My quest to become a woodworker has been a slow process. I started with lofty dreams and memories of growing up on the floors of Highland Woodworking, but not actually using any of the tools. My next step was an overwhelming first exposure to a wood-related project. My account of building a planter stopped at the planning stages, (although the planter did get built, it just didn’t get written about yet…see my future post on woodworking and procrastination, tbd posting date) and since then I’ve been playing in the shop but not really producing anything of note.
Sabiha Mujtaba offers a Fundamentals of Woodworking class a few times a year at Highland Woodworking, and this seemed like the best option for getting my feet wet in the woodworking world. So I signed up and headed to my first day of class this morning.
Sabiha and her assistant Kate combined have more than 50 years of woodworking experience. That is a lot of knowledge. And lucky us, the 10 students in the class, ranging from little-to-no woodworking experience (I include myself in that group) to folks who have done a project here and there but nothing consistent, get to drink in all of that knowledge. Or at least as much of it as Sabiha and Kate can pass on to us in two full days.
And when I say full, I mean FULL. Start at 9, finish at 5 (except we were actually there working until well past 5:30!) and it felt like we learned a little bit of everything. Sabiha started with an overview of safety – some general rules and some specific rules to abide by in any shop. Then we got a crash course in wood science (much of which would be relearned over the course of the morning), then we jumped right into it, getting the boards that would, by the end of the weekend, be transformed into a box with a sliding top.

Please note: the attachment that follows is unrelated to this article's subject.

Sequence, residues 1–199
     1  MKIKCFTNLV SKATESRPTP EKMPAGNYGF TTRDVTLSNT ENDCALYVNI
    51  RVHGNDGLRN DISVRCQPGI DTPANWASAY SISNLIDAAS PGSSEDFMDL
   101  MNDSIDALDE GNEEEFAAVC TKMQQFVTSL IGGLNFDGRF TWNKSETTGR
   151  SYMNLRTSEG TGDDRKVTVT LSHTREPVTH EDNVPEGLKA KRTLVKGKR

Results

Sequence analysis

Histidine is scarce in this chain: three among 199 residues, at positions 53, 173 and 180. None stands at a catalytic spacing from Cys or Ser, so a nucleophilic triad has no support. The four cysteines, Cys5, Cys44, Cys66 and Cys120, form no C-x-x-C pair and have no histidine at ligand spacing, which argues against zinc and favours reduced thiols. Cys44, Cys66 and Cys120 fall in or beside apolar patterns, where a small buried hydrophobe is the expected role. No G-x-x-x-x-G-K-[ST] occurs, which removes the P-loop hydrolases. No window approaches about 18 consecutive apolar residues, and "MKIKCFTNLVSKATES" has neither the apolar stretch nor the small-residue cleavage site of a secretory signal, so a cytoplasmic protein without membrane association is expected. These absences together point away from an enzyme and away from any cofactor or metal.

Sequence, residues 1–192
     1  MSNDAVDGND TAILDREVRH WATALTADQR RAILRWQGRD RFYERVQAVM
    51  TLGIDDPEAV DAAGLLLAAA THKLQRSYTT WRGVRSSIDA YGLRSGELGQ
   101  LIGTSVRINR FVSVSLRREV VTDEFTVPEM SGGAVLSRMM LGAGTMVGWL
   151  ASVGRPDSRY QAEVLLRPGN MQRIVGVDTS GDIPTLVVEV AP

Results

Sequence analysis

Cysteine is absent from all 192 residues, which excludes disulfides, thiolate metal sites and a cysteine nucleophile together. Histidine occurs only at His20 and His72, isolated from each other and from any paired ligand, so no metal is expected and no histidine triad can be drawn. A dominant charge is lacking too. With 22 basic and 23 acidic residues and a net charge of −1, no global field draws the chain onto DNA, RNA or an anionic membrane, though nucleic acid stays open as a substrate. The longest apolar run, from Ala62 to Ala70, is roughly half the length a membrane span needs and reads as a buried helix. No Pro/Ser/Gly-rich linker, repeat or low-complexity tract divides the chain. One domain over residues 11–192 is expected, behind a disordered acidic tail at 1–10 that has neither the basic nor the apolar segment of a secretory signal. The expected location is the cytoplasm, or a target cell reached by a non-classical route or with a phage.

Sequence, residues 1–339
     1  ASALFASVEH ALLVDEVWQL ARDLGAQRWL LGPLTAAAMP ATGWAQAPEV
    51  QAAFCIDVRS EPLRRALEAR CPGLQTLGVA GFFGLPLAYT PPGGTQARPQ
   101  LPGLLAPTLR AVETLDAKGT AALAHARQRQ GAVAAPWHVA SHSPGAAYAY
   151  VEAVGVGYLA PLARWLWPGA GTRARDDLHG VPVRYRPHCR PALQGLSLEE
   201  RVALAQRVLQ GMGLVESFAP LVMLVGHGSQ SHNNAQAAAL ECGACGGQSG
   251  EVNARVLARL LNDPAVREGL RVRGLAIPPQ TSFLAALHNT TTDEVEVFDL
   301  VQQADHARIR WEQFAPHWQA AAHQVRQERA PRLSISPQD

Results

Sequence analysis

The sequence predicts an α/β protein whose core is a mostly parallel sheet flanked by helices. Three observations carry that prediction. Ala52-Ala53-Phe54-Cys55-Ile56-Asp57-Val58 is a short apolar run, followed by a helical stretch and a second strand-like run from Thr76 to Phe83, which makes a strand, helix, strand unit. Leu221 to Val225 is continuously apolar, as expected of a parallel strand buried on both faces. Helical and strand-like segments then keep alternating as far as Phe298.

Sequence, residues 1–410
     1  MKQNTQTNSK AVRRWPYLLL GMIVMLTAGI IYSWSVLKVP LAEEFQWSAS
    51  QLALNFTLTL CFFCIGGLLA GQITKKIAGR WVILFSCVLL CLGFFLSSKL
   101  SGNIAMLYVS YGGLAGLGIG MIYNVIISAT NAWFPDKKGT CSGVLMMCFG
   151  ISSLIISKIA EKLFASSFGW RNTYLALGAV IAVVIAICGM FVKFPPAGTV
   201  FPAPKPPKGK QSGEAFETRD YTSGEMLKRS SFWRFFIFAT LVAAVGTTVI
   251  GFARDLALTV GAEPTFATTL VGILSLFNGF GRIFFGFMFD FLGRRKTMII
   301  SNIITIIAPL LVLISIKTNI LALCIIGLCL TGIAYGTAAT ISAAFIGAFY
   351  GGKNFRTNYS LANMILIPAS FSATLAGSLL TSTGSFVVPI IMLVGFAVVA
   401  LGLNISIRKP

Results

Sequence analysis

The wood we were using was not milled, so we started on the jointer, where we flattened a face and an edge so they were smooth and we had a right angle. Then we moved onto the planer, where we flattened the other face. It sounds so quick when I just type it, but all of this was actually a fairly lengthy process. Still, I’m really glad to have learned how to do it – milling lumber was always even more mysterious to me than the rest of the woodworking craft, and now it seems completely doable.
While we were at lunch, Sabiha and Kate cut the other edge of our boards on the tablesaw, so when we got back we had 4 beautifully smooth and square sides on all of our boards, and they were ready for some routing.
After determining the ups and downs and ins and outs of how our box walls would fit together, we cut a rabbet and a dado with two router setups, then headed over to the miter saw to cut the ends of our boards so they can be glued together in 4 beautiful miter joints.
I should add that with each machine we used (and even some that we didn’t use!), Sabiha and Kate gave a very thorough rundown of the machine’s purpose, use, and the best body mechanics for using it. Even with a minor fear of using power tools, I approached each machine with total confidence after receiving Sabiha and Kate’s instruction, and I think everyone else in the class felt the same way.
Finally, we squared up our boxes one more time, taped the edges, glued them up and clamped them together for an overnight dry. I’m very excited, if a little anxious, to see how the glue-up worked and if everything is still together when I take the clamps off tomorrow morning. Wish me luck.